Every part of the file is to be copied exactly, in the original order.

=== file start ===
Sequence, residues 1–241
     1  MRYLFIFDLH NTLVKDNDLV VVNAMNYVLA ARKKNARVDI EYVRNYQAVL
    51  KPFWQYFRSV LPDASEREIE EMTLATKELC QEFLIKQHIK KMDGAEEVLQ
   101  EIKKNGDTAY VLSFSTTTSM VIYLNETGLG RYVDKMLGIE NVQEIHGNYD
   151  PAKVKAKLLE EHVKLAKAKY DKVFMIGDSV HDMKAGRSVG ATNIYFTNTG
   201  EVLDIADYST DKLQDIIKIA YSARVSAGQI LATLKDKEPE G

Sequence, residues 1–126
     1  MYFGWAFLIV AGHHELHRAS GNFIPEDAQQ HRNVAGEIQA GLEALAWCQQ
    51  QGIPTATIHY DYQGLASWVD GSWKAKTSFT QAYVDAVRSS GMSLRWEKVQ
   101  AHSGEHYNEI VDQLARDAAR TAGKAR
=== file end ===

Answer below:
Sequence, residues 1–241
     1  MRYLFIFDLH NTLVKDNDLV VVNAMNYVLA ARKKNARVDI EYVRNYQAVL
    51  KPFWQYFRSV LPDASEREIE EMTLATKELC QEFLIKQHIK KMDGAEEVLQ
   101  EIKKNGDTAY VLSFSTTTSM VIYLNETGLG RYVDKMLGIE NVQEIHGNYD
   151  PAKVKAKLLE EHVKLAKAKY DKVFMIGDSV HDMKAGRSVG ATNIYFTNTG
   201  EVLDIADYST DKLQDIIKIA YSARVSAGQI LATLKDKEPE G

Sequence, residues 1–126
     1  MYFGWAFLIV AGHHELHRAS GNFIPEDAQQ HRNVAGEIQA GLEALAWCQQ
    51  QGIPTATIHY DYQGLASWVD GSWKAKTSFT QAYVDAVRSS GMSLRWEKVQ
   101  AHSGEHYNEI VDQLARDAAR TAGKAR